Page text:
Other researchers have expressed a different point of view and have doubted or denied the continuity of the ethonym "Romanian" from "Roman", at least on an ethnic sense. For example, Onoriu Colăcel considers that the terms "Romania" and "Romanian" would only have appeared during the 19th century. According to Vladimír Baar and Daniel Jakubek, typically pro-Russian authors in Moldova tend to argue that "Romanian" as an ethnonym is only a mere recent product from Romanian nationalist historical myths despite the attestation of this name in old documents. Examples of this would include Petr Shornikov, Mikhail Guboglo and Valentin Dergachev. According to Tomasz Kamusella, at the time of the rise of Romanian nationalism during the early 19th century, the political leaders of Wallachia and Moldavia were aware that the name România was identical to Romania, a name that had been used for the former Byzantine Empire by its inhabitants. Kamusella continues by stating that they preferred this ethnonym in order to stress their presumed link with Ancient Rome and that it became more popular as a nationalistic form of referring to all Romanian-language speakers as a distinct and separate nation during the 1820s. Raymond Detrez asserts that român, derived from the Latin Romanus, acquired at a certain point the same meaning of the Greek Romaios; that of Orthodox Christian. Wolfgang Dahmen claims that the meaning of romanus (Roman) as "Christian", as opposed to "pagan", which used to mean "non-Roman", may have contributed to the preservation of this word as an ethonym of the Romanian people, under the meaning of "Christian".
To distinguish Romanians from the other Romanic peoples of the Balkans (Aromanians, Megleno-Romanians, and Istro-Romanians), the term Daco-Romanian is sometimes used to refer to those who speak the standard Romanian language and live in the former territory of ancient Dacia (today comprising mostly Romania and Moldova) and its surroundings (such as Dobruja or the Timok Valley, the latter region part of the former Roman province of Dacia Ripensis).
Etymology of the term Vlach edit
The name of "Vlachs" is an exonym that was used by Slavs to refer to all Romanized natives of the Balkans. It holds its origin from ancient Germanic—being a cognate to "Welsh" and "Walloon"—and perhaps even further back in time, from the Roman name Volcae, which was originally a Celtic tribe. From the Slavs, it was passed on to other peoples, such as the Hungarians (Oláh) and Greeks (Vlachoi) (see the Etymology section of Vlachs). Wallachia, the Southern region of Romania, takes its name from the same source.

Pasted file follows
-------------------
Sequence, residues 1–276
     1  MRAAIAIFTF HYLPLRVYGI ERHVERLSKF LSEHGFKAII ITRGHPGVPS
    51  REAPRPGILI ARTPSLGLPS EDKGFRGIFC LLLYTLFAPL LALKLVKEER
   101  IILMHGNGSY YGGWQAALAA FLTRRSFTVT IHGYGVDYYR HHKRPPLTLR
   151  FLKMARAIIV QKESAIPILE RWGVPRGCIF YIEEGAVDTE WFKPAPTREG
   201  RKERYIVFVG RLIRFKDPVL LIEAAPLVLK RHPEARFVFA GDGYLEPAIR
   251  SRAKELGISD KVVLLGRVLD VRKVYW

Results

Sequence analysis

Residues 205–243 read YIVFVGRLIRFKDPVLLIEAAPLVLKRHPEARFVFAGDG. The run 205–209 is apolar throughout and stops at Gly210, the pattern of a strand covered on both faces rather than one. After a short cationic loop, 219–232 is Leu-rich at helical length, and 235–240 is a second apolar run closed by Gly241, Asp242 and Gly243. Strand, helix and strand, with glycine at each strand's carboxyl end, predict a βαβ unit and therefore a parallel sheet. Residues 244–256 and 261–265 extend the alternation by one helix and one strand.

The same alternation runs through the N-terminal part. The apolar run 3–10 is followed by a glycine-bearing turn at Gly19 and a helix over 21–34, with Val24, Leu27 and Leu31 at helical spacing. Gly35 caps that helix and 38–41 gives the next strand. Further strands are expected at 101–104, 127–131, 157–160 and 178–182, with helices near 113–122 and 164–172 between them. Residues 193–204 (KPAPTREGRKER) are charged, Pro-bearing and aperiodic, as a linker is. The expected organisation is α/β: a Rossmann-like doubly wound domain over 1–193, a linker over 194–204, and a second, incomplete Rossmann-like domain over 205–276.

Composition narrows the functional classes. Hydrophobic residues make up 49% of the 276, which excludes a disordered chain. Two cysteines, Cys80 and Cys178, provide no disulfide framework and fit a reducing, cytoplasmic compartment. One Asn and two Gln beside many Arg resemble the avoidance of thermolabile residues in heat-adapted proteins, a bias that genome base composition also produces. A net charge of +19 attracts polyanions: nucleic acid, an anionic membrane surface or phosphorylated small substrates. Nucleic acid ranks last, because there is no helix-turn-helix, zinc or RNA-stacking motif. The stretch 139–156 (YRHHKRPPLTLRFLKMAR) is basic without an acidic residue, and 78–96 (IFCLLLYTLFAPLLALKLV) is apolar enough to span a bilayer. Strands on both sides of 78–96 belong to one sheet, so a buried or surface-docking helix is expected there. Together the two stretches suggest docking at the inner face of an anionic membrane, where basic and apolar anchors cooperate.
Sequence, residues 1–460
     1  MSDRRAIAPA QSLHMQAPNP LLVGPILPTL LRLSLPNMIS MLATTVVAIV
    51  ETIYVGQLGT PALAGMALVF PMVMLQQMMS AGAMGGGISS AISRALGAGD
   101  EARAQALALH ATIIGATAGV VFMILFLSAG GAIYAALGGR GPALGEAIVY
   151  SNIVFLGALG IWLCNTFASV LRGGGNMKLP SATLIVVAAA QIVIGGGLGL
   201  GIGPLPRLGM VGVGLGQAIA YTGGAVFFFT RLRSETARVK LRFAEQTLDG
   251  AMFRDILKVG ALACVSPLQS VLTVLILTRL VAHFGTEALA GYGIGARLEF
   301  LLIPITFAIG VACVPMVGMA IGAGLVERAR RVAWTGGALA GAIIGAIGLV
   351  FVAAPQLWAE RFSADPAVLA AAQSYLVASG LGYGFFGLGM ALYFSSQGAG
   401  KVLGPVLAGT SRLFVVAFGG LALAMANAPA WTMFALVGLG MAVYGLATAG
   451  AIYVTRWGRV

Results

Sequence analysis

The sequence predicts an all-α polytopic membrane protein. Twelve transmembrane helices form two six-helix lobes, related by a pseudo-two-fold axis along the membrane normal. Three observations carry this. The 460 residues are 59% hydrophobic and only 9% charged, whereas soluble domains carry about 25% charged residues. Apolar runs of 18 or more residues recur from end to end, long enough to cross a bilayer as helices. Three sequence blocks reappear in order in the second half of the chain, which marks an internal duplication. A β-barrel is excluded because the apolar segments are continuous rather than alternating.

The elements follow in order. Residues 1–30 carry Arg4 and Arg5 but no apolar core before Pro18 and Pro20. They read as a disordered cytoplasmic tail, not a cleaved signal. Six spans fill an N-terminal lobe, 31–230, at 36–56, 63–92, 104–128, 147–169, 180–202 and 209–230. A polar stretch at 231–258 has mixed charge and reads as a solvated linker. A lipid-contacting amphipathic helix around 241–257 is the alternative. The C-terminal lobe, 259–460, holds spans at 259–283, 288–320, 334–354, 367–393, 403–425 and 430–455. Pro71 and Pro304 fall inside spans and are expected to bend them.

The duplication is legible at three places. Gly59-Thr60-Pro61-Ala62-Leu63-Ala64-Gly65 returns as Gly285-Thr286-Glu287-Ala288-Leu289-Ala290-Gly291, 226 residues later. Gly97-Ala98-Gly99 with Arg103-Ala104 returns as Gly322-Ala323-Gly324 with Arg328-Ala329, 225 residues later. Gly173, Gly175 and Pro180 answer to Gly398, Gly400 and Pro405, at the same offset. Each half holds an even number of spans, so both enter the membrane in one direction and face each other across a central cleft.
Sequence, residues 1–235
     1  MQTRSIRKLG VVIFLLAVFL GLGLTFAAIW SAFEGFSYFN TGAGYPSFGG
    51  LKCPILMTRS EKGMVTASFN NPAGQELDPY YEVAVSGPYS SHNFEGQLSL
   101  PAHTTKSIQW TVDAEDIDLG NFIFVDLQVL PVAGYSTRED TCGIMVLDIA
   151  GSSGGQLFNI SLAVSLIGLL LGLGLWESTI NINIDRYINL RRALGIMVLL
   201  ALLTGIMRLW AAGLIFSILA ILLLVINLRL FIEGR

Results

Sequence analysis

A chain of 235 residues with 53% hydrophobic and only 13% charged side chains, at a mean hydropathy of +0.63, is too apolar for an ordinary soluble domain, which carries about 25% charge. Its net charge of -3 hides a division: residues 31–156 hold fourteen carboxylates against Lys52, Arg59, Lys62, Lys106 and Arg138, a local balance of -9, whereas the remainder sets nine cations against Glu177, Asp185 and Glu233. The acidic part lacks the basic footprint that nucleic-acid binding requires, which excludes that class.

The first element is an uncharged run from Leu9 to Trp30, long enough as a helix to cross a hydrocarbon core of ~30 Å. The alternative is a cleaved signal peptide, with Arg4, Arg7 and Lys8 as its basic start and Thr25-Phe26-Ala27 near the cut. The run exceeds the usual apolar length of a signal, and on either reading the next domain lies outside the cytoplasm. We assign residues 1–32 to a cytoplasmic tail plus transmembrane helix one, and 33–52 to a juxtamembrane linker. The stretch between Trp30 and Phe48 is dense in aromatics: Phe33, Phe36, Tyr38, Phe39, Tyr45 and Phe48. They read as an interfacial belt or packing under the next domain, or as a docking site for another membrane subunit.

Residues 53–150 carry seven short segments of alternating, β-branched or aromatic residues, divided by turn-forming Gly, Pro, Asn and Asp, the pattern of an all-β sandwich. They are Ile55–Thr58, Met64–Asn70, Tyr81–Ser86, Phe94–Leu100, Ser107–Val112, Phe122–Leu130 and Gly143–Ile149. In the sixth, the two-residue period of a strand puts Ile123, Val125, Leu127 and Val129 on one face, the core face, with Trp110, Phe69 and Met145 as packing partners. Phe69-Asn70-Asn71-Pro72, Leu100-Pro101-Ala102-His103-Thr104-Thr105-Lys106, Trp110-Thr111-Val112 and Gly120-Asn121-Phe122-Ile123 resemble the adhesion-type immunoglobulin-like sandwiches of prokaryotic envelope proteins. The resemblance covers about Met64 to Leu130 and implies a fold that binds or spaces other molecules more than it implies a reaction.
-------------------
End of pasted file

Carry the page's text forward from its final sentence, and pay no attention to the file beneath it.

Romanians outside Romania edit
Most Romanians live in Romania, where they constitute a majority; Romanians also constitute a minority in the countries that neighbour Romania. Romanians can also be found in many countries, notably in the other EU countries, particularly in Italy, Spain, Germany, the United Kingdom and France; in North America in the United States and Canada; in Israel; as well as in Brazil, Australia, Argentina, and New Zealand among many other countries. Italy and Spain have been popular emigration destinations, due to a relatively low language barrier, and both are each now home to about a million Romanians. With respect to geopolitical identity, many individuals of Romanian ethnicity in Moldova prefer to identify themselves as Moldovans.
The contemporary total population of ethnic Romanians cannot be stated with any degree of certainty. A disparity can be observed between official sources (such as census counts) where they exist, and estimates which come from non-official sources and interested groups. Several inhibiting factors (not unique to this particular case) contribute towards this uncertainty, which may include:
- A degree of overlap may exist or be shared between Romanian and other ethnic identities in certain situations, and census or survey respondents may elect to identify with one particular ancestry but not another, or instead identify with multiple ancestries;
- Counts and estimates may inconsistently distinguish between Romanian nationality and Romanian ethnicity (i.e. not all Romanian nationals identify with Romanian ethnicity, and vice versa);
- The measurements and methodologies employed by governments to enumerate and describe the ethnicity and ancestry of their citizens vary from country to country. Thus the census definition of "Romanian" might variously mean Romanian-born, of Romanian parentage, or also include other ethnic identities as Romanian which otherwise are identified separately in other contexts.